Research Papers

Dynamic Model for Free-Standing Fuel Racks Under Seismic Excitation Considering Planar and Nonslide Rocking Motion

[+] Author and Article Information
Kazuya Sakamoto

Department of Mechanical Engineering,
The University of Tokyo,
7-3-1 Bunkyo-ku, Hongo,
Tokyo 113-8656, Japan
e-mail: ksakamoto@fiv.t.u-tokyo.ac.jp

Ryosuke Kan

Department of Mechanical Engineering,
The University of Tokyo,
7-3-1 Bunkyo-ku, Hongo,
Tokyo 113-8656, Japan
e-mail: rkan@iis.u-tokyo.ac.jp

Akihiro Takai

Department of Mechanical Engineering,
The University of Tokyo,
7-3-1 Bunkyo-ku, Hongo,
Tokyo 113-8656, Japan
e-mail: atakai@fiv.t.u-tokyo.ac.jp

Shigehiko Kaneko

Department of Mechanical Engineering,
The University of Tokyo,
7-3-1 Bunkyo-ku, Hongo,
Tokyo 113-8656, Japan
e-mail: kaneko@mech.t.u-tokyo.ac.jp

Contributed by the Design Engineering Division of ASME for publication in the JOURNAL OF COMPUTATIONAL AND NONLINEAR DYNAMICS. Manuscript received November 30, 2016; final manuscript received February 11, 2017; published online September 7, 2017. Assoc. Editor: Stefano Lenci.

J. Comput. Nonlinear Dynam 12(6), 061012 (Sep 07, 2017) (9 pages) Paper No: CND-16-1591; doi: 10.1115/1.4036115 History: Received November 30, 2016; Revised February 11, 2017

A free-standing (FS) rack is a type of a spent nuclear fuel rack, which is just placed on a floor of a pool. For this characteristic, seismic loads can be reduced by fluid force and friction force, but a collision between a rack and another rack or a wall must be avoided. Therefore, it is necessary for designing an FS rack to figure out how it moves under seismic excitation. In this research, a dynamic model of an FS rack is developed considering seismic inertial force, friction force, and fluid force. This model consists of two submodels: a translation model, which simulates planar translational and rotational motion, and a rocking model, which simulates nonslide rocking motion. First, simulations with sinusoidal inertial force were conducted, changing values of a friction coefficient. Next, to validate this dynamic model, a miniature experiment was conducted. Finally, the model is applied to a real-size FS rack and actually observed seismic acceleration. It is found that translational movement of a rack varies depending on the value of friction coefficient in the simulation with sinusoidal and actual acceleration. Also, simulation results are similar to the experimental results in the aspects of translational and rocking motion provided friction coefficient is selected properly. Through this research, the knowledge is acquired that friction force plays a significant role in a motion of FS rack so that estimating and controlling a friction coefficient is important in designing an FS rack.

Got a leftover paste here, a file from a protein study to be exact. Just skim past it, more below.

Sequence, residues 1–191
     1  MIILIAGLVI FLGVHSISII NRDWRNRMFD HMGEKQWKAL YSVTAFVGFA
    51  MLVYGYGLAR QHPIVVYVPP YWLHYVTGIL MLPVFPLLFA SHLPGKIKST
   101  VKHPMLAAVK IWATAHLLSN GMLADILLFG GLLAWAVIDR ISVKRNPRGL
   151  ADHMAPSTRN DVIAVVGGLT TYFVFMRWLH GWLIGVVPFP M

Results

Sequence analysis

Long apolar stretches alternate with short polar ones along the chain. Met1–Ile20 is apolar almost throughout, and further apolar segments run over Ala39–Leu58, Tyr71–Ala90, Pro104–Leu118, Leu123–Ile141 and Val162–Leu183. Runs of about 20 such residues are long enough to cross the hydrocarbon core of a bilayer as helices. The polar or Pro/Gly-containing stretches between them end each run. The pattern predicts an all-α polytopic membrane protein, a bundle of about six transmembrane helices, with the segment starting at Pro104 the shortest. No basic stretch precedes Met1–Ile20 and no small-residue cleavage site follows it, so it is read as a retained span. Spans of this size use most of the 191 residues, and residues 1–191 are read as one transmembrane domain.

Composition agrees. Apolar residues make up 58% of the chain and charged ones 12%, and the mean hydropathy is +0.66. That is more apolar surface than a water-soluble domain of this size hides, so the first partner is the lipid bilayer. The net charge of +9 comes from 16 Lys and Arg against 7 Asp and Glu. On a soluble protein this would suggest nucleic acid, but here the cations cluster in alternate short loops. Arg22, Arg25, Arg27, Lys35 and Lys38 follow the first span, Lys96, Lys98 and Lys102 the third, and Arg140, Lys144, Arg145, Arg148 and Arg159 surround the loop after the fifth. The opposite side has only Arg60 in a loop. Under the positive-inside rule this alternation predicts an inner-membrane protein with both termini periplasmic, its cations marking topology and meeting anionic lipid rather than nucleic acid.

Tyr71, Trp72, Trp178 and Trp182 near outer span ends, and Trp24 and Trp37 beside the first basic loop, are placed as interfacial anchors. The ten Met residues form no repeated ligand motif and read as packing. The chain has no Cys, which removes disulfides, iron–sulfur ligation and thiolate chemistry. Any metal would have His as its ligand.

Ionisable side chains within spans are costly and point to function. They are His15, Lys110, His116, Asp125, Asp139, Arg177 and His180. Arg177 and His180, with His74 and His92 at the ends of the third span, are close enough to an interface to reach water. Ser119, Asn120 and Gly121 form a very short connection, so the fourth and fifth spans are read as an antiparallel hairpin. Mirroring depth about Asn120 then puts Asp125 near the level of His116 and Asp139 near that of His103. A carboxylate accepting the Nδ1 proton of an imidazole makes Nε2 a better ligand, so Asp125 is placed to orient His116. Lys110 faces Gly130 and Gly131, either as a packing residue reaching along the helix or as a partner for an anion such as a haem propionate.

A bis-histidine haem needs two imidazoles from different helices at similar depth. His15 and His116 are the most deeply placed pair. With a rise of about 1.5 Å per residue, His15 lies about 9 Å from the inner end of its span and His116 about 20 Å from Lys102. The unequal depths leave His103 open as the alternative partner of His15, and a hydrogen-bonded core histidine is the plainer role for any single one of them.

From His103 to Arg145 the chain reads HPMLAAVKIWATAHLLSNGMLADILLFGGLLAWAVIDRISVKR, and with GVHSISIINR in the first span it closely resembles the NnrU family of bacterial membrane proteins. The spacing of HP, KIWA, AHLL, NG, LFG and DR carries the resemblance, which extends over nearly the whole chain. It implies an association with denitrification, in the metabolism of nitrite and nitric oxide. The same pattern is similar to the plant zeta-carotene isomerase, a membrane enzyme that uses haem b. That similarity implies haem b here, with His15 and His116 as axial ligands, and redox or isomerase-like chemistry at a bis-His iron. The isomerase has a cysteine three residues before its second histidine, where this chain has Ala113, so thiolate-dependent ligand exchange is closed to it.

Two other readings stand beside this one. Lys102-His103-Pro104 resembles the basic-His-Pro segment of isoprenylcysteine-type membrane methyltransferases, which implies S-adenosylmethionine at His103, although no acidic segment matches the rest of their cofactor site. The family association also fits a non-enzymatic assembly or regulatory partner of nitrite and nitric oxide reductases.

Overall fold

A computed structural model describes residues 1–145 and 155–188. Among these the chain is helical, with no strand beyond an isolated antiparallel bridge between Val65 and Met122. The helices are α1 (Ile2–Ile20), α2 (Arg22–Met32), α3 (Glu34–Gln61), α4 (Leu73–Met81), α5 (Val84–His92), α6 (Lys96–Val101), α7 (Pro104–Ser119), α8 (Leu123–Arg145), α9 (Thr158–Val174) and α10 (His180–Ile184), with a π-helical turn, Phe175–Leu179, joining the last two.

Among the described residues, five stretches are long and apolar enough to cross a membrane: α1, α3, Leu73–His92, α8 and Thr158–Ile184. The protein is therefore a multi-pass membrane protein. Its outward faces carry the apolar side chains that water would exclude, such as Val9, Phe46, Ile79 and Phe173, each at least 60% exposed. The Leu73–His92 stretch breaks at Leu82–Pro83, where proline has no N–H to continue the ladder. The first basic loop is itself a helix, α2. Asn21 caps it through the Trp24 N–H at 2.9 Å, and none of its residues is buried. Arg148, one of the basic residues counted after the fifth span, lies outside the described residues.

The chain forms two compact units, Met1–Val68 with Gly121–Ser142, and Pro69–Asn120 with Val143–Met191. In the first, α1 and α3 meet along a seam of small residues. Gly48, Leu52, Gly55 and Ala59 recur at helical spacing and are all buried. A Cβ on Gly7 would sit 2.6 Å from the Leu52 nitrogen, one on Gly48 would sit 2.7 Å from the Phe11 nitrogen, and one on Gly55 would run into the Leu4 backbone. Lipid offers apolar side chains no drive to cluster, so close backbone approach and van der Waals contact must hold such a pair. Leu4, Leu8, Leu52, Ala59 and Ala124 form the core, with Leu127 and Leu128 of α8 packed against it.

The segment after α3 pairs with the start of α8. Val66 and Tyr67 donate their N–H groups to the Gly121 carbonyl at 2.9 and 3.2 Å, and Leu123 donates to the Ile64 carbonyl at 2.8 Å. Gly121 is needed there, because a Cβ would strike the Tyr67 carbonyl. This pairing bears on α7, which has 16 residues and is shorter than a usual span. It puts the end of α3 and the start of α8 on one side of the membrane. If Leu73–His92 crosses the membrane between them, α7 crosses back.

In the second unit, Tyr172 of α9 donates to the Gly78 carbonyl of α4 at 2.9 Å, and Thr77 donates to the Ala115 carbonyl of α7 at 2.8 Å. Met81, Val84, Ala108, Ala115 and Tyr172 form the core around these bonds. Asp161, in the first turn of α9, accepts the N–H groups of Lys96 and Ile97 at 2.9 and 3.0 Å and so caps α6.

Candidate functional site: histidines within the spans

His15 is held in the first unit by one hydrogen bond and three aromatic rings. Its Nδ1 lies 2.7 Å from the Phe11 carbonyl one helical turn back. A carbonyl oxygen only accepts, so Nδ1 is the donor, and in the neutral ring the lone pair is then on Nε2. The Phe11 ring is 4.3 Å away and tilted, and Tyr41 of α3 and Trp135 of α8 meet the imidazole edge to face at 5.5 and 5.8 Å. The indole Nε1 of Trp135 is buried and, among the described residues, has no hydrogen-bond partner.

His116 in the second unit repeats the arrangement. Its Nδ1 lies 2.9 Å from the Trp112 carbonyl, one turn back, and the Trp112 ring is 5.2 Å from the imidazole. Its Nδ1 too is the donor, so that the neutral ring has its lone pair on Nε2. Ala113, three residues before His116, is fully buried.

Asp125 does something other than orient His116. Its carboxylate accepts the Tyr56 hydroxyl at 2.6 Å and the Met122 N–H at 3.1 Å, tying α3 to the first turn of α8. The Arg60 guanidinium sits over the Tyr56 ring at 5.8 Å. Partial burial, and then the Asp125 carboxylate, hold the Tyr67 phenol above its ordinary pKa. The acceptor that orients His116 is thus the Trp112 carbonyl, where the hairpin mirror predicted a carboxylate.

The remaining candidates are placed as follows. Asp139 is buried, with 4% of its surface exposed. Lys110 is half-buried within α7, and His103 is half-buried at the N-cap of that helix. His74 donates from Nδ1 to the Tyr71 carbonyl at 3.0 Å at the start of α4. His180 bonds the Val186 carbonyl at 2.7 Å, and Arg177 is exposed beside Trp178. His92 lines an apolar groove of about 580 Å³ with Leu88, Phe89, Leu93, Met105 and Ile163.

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Fig. 4

Coordinates of clearance-flow

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Fig. 3

Coordinates of FS racks

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Fig. 2

Two submodels composing the model developed in this research

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Fig. 1

Fixed rack (a) and free-standing rack (b). The rack is placed in a spent fuel pool, which is filled with water.

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Fig. 6

Flowchart of integrated model

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Fig. 7

Experimental equipment

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Fig. 5

Coordinates of rocking motion (a) side view and (b) top view

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Fig. 11

Seismic acceleration actually observed in Japan during The 2011 Off the Pacific Coast of Tohoku Earthquake

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Fig. 8

Comparison with experiment and simulation results when excitation frequency is 8 Hz. (a) Displacement X, (b) planar rotation θ, and (c) rocking angle ϕ. Simulation results are delayed 0.8 s to adjust start time of movement. Note that five lines of simulation data completely lap over with each other in (b).

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Fig. 9

Simulation results when excitation frequency is 10 Hz

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Fig. 10

Simulated fluid force versus translational acceleration X¨: (a) f=10,μk= 0.3 and (b) f=10,μk=0.6

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Fig. 12

Simulation results of displacement of a rack under actual seismic excitation. Square markers mean the maximal displacement of each friction coefficient.



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